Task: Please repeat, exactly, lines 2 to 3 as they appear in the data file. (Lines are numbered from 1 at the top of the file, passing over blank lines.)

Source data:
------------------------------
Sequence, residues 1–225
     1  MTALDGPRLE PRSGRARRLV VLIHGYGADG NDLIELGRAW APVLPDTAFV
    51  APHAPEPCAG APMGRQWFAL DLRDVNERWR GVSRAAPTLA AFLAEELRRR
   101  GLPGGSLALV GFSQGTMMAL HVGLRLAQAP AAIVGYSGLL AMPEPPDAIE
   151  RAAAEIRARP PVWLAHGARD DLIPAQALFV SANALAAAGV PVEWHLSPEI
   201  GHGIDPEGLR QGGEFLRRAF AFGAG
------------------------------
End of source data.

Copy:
     1  MTALDGPRLE PRSGRARRLV VLIHGYGADG NDLIELGRAW APVLPDTAFV
    51  APHAPEPCAG APMGRQWFAL DLRDVNERWR GVSRAAPTLA AFLAEELRRR